A heroic last stand
Sept. 14
 - Dateline NBC's Jane Pauley spent an inspiring evening Thursday night with a family in mourning and can only marvel that hearts can be broken and swelling with pride at the same time. Jane Pauley reports.

 

LYZ GLICK SAYS she believes in fate.

Does she believe her husband was fated to be on that plane? "I do, I do," says Lyz. "He was scheduled to fly out on an earlier flight the day prior. Even three days before the flight, he had begged me to have him stay home. He didn't want to go. And I said you have to go. You can't say no to your company. And I think with all the badness going on that God or some higher power knew that Jeremy had the strength to somehow stop some of the bad that was going on. I believe that. I believe that Jeremy was meant for a higher purpose."

What if he hadn't been on that plane? "I'm not asking that," says Lyz. "I'm not going there."  Wherever that doomed plane was heading Tuesday morning, it never got there with its payload of jet fuel and 45 innocent people. And evidence strongly indicates Americans owe a debt of gratitude to the citizen heroes aboard Flight 93.

One of them was 31-year-old Jeremy Glick - the middle son of Joan and Lloyd Glick of Hewitt, N.J. The entire family - including a brother who joined the Dateline interview by phone from Tokyo - wanted to tell us the story of his life and his heroic death as a keepsake for his baby daughter born only 12 weeks ago.

The story began with a phone call Tuesday morning. His father-in-law, Richard Macklin, answered the phone at his home in New York's Catskill Mountains, where his daughter and granddaughter Emmy were visiting.  "We had received a call from Jeremy as he was boarding the plane at seven in the morning - 7:30 - to say good morning to Lyz or goodbye to Lyz," says Richard. "And the baby had been up all night. We let Lizzie sleep, so it was a 45 second call, 'have a good trip' and we'd gone about our business. Lizzie was sleeping."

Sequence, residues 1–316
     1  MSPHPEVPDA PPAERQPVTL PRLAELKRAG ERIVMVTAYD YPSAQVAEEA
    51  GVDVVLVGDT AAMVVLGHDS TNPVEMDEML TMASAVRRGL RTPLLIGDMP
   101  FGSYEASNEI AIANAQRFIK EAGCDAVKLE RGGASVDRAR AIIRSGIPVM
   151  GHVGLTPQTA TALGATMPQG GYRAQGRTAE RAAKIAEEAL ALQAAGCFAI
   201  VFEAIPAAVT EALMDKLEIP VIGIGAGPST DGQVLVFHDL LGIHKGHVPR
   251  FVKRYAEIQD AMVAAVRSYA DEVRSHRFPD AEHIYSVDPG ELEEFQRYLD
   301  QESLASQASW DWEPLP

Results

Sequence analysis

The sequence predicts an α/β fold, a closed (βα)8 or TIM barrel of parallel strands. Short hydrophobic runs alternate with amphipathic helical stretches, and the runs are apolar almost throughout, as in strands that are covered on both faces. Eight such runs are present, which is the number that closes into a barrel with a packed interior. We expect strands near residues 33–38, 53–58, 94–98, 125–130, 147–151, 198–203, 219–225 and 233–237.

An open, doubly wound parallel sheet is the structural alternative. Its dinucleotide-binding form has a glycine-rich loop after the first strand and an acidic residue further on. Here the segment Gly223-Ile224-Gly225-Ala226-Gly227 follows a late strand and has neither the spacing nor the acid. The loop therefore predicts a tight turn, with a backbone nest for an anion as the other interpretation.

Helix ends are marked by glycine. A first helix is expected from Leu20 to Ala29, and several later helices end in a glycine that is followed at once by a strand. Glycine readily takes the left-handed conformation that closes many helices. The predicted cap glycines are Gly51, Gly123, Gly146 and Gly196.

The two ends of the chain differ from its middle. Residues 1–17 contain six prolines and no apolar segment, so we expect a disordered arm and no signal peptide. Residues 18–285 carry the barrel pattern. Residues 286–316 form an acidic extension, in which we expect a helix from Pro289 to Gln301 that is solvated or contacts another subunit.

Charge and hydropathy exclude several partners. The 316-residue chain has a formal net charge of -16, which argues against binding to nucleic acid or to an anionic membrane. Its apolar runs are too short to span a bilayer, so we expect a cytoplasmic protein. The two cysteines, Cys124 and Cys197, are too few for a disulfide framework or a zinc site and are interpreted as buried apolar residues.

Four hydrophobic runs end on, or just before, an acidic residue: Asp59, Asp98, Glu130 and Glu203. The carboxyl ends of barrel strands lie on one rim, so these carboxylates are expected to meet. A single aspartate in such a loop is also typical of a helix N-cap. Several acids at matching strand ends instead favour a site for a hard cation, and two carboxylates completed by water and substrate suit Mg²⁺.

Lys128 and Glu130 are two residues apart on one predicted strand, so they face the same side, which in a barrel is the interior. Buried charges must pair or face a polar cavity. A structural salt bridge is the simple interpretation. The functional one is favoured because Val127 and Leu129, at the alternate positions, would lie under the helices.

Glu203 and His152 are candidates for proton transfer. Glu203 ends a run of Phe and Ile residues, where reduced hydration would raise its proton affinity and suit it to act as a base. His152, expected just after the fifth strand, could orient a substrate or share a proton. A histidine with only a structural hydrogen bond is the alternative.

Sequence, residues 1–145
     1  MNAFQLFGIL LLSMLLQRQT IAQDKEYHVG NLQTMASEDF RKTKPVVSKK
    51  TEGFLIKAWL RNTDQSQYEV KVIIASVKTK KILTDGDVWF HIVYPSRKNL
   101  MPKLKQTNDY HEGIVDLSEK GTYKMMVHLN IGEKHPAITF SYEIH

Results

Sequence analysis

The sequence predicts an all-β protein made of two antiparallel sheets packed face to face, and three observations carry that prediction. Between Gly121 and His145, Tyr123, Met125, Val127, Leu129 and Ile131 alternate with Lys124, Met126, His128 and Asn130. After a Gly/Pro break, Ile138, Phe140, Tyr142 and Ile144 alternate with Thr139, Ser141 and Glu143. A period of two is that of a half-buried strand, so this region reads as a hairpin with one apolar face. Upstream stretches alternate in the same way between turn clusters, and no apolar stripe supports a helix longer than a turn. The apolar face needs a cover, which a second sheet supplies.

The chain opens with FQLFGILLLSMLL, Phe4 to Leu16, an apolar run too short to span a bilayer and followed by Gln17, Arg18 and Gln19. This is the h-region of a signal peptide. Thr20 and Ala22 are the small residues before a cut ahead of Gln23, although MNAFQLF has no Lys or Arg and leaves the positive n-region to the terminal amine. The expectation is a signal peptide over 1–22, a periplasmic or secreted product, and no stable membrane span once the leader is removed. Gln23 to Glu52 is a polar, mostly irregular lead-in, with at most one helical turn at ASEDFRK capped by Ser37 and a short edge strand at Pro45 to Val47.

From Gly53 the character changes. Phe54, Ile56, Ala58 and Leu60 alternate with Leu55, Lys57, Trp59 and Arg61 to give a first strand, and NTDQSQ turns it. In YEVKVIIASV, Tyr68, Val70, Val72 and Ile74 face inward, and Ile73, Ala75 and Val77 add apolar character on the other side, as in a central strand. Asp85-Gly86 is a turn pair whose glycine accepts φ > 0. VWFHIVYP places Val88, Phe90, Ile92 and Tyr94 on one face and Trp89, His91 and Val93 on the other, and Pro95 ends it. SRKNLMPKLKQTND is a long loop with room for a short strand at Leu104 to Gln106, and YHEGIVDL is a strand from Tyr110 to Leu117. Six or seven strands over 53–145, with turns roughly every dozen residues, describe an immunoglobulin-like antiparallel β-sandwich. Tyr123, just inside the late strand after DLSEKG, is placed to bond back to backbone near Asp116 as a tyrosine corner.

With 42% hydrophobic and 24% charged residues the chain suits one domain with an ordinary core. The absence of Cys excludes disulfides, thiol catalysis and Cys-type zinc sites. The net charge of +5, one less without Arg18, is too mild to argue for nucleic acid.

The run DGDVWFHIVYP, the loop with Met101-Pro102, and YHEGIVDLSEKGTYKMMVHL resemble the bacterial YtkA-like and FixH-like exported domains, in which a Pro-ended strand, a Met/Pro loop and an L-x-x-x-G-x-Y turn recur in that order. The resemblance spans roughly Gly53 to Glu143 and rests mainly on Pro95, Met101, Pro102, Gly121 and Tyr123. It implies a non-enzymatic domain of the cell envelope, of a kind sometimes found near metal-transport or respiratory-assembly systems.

Jeremy Glick was booked on Flight 93 out of Newark bound for San Francisco. The plane departed on schedule at 8 am. Breakfast was served to 38 passengers by five attendants. They settled in for the five-hour flight, not knowing what the rest of us were watching in horror.


A 20-MINUTE CALL

"My son called from Westchester, said, 'Turn the TV on,'" says Richard. "I turned the TV on, and the crashes were occurring. I just had a gut feeling that Jeremy's up in the air, but hopefully he's gone. And Lyz was up now, and the news was going on. And I was turning TVs off. I didn't want Lizzie to worry that something was going on. I think she knew, or maybe she didn't want me to worry. And then the phone rings at about a quarter to 10. And it's Jeremy. My wife picked up my phone, and she said, 'Jeremy, thank God, we're so worried.' And he said, 'It's bad news.' And he said, 'Let me talk to Lyz.' And that's when they started talking."

What time in the flight did they get the call? "He said they had been up for about an hour, and there was some very bad men that had come onto the plane," says Lyz. "I'm not sure how long they had been up before the plane was hijacked. But he said that the men had a bomb and they had a knife. He said that they were Arabic-looking men. I think he said they were wearing red headbands. The description said that there were three of them. He was very surprised that these people could have boarded the plane."

Did he say that they were flying the plane? "He didn't say anything," says Lyz. "I asked him if the pilots had been in contact with them to tell them what was going on, and he said that no contact had been made by the pilots. It seems that the men had taken over the plane and had moved everyone to the back of the plane and kind of left them there."
Jeremy told her he was calling from the plane air phone. It was a conversation Lyz says lasted for more than 20 minutes.

So he was free to talk? Or was he trying to speak surreptitiously? "He was free to talk to me," says Lyz. "I was a little bit, I think surprised by the aura of what was going on, on the plane. I was surprised by how calm it seemed in the background. I didn't hear any screaming. I didn't hear any noises. I didn't hear any commotion. It almost didn't make sense to me, you know, that such a terrible thing could be happening, yet what I was hearing in the background and in his voice was not as bad as what was really happening on that flight."  There was no hysteria on the ground, either. Lyz's mom had the wit to dial 911 from another line. Authorities patched into the call.

"And we ran and got the cell phone and dialed 911 and tried to get a link where Lizzie was talking to Jeremy and Joanne was talking to the state police and questions were going back and forth," says Richard.  Who exactly was on the other end of the phone? "The New York State Trooper barrack," says Richard. "I'm not sure - maybe in Kingston, New York, or something like that where the 911 call routed."  Were they asking Jeremy questions, too? "They were listening," says Lyz. "They had not been able to - I had heard them tap in, but they were not able to ask questions."